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The CES 2019 gad­get show is revving up in Las Ve­gas. DING-DONG, THE PEEPHOLE IS RING­ING

Ring is giv­ing the old-school peephole a high­tech spin.

The com­pany un­veiled a new in­ter­net­con­nected video door­bell that fits into most peep­holes. The new de­vice is aimed at apart­ment dwellers or col­lege stu­dents who want a video door­bell, but may not be al­lowed to in­stall one next to their doors.

Ama­zon bought Ring last year, giv­ing it a shot at com­pet­ing bet­ter with Google’s Nest, which also makes cam­eras and door­bells. Pri­vacy ex­perts have long sounded the alarm on Wi-Fi con­nected cam­eras and how video is stored.

Ama­zon re­cently filed a patent ap­pli­ca­tion for a fa­cial-recog­ni­tion sys­tem in­volv­ing home se­cu­rity cam­eras, which would al­low mul­ti­ple cam­eras to cre­ate com­pos­ites of faces to iden­tify peo­ple who may be try­ing to bur­glar­ize a house. It doesn’t ap­pear Ring uses fa­cial recog­ni­tion yet, as Nest al­ready does, though Ring may add such fea­tures over time. Ama­zon did not re­spond to a re­quest for com­ment.

Ring’s Door View Cam will go on sale in March for $199. Ring’s new de­vice will still act as a peephole, but will also send alerts to user’s smart­phones when the door­bell is pressed or some­one knocks the door.


The mak­ers of a ro­botic “personal mas­sager” for women won a pres­ti­gious CES award. Then or­ga­niz­ers took it away.

Its maker, the startup Lora DiCarlo, was also banned from ex­hibit­ing on the show floor (though it’s in Las Ve­gas at a separate me­dia event).

The show’s or­ga­nizer, the Con­sumer Tech­nol­ogy As­so­ci­a­tion, said in an email to Lora DiCarlo that it re­served the right to dis­qual­ify any en­try “deemed by CTA in their sole dis­cre­tion to be im­moral, ob­scene, in­de­cent, pro­fane or not in keep­ing with CTA’s im­age.”

An in­de­pen­dent panel of judges had se­lected Lora DiCarlo’s Ose vi­bra­tor last fall to win a CES 2019 In­no­va­tion Honoree Award in the ro­bot­ics and drone cat­e­gory. Gary Shapiro, CTA’s pres­i­dent and CEO, apol­o­gized in a separate let­ter and said the com­pany should have been told it’s “in­el­i­gi­ble for en­try.”

CTA de­clined to pro­vide fur­ther com­ment to The As­so­ci­ated Press on why the prod­uct was in­el­i­gi­ble.

Ose’s mak­ers say it’s sex­ism, not­ing that “a lit­eral sex doll for men launched on the floor at CES in 2018.” Lora Had­dock, the CEO of Lora DiCarlo, says that makes for a dou­ble stan­dard at the tech show al­ready un­der fire for not in­clud­ing enough women.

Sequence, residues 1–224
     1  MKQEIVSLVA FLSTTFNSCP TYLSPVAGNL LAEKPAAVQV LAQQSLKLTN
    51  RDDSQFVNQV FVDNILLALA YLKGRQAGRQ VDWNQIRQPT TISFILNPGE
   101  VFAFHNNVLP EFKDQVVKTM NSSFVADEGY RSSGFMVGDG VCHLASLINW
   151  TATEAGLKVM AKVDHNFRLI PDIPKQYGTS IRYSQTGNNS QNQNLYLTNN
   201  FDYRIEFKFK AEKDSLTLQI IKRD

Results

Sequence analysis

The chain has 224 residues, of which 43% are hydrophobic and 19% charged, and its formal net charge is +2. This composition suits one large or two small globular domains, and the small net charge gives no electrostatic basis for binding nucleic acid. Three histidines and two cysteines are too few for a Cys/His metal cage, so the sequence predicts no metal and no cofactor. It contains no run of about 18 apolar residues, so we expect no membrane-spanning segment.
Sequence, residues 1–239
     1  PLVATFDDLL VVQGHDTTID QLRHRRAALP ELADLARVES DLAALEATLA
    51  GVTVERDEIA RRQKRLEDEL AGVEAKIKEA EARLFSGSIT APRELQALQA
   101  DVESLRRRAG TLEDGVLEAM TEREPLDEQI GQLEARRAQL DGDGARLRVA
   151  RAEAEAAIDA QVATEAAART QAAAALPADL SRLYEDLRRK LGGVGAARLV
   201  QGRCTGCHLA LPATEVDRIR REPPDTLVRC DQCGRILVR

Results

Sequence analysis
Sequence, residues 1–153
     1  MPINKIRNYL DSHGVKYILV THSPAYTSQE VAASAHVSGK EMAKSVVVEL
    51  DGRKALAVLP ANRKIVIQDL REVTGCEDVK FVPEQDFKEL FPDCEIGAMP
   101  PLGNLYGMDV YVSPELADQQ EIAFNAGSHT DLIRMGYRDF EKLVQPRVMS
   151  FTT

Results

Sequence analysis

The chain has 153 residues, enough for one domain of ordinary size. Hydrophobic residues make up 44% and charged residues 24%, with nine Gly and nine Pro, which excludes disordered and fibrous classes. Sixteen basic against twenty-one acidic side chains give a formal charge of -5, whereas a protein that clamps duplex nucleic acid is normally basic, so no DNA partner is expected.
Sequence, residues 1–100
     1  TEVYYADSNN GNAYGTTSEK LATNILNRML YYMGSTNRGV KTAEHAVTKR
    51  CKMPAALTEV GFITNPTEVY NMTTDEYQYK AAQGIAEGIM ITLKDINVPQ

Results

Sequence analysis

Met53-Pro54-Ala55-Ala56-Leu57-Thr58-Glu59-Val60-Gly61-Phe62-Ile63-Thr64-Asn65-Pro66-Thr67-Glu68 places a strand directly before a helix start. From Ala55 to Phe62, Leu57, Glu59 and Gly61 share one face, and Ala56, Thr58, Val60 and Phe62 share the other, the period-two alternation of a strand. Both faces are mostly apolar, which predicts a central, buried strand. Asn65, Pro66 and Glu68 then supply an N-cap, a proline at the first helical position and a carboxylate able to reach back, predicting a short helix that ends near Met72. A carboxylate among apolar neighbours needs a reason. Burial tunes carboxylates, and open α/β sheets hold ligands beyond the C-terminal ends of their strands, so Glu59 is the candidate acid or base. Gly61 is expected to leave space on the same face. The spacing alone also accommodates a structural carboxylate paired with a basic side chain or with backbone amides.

Smart glasses haven’t been a hit, but at least one startup still sees them in our fu­ture.

A com­pany called North will be de­liv­er­ing its $999 smart glasses to cus­tomers in the com­ing weeks. Called Fo­cals by North, they pair with a smart­phone and show text mes­sages, weather and map­ping di­rec­tions on the glass that only the wearer sees.

Users also need to wear a ring with a joy­stick on their in­dex fin­ger, so they can flip through mes­sages or re­spond with their thumb. It can also be con­trolled us­ing the built-in Ama­zon Alexa voice as­sis­tant, but the joy­stick has to be pressed down for it to start lis­ten­ing.

Get­ting peo­ple to buy smart glasses has been a chal­lenge — Google fa­mously stopped sell­ing its smart glasses to the pub­lic about four years ago.

Aaron Grant, North’s co-founder, says his prod­uct is dif­fer­ent be­cause they are de­signed to look like reg­u­lar frames. And prescription lenses can be added.

But there’s a small pro­jec­tor on one side, and the frames on the side are slightly thicker.


That smell waft­ing through the CES show? Freshly baked bread.

Wilkin­son Bak­ing Co. un­veiled a 22-square­foot ma­chine that can bake 10 loaves of bread ev­ery hour — no baker needed. But a hu­man is needed to dump the in­gre­di­ents into the ma­chine, which then mixes them, forms the dough and starts bak­ing. Some­one also needs to slice the bread, al­though the com­pany says it’s work­ing on a way for the ma­chines to do that, too.

The Bread­Bot, as it’s called, is be­ing pitched to su­per­mar­kets as a way to de­liver fresh bread to shop­pers who are in­creas­ingly wor­ried about the in­gre­di­ents in their foods. The ma­chine is cov­ered in glass, so cus­tomers can watch bread get made. They then se­lect the loaf they want on a touch screen, sort of like a vend­ing ma­chine.

Three lo­cal su­per­mar­kets are al­ready test­ing it. The com­pany says a cou­ple of big chains have agreed to try it out soon, but it won’t say which.


Is your bra dumb? An un­der­wear com­pany is pitch­ing a so­lu­tion to an age-old prob­lem for women: find­ing a bra that ac­tu­ally fits.

In the past, women could get help from an ex­pert hu­man in find­ing their right size. A sim­ple mea­sur­ing tape wouldn’t do, as it doesn’t re­flect other fac­tors such as the shape of a woman’s breasts. But these old-school “bra fit­ters” are hard to find these days.

To ad­dress that, a com­pany called Soma has added some cir­cuits to a brassiere and con­nected it to an app.

The Soma In­nofit has four lines of cir­cuitry hooked up to a cir­cuit board in the back, which then con­nects to an app via Blue­tooth. The smart $59 bra then rec­om­mends a bra — from Soma’s line, of course.

The smart bra isn’t meant for reg­u­lar wear­ing, though it could be used again if sizes change be­cause of preg­nancy or other fac­tors. The com­pany says peo­ple who don’t want to buy one can use it at a Soma store.

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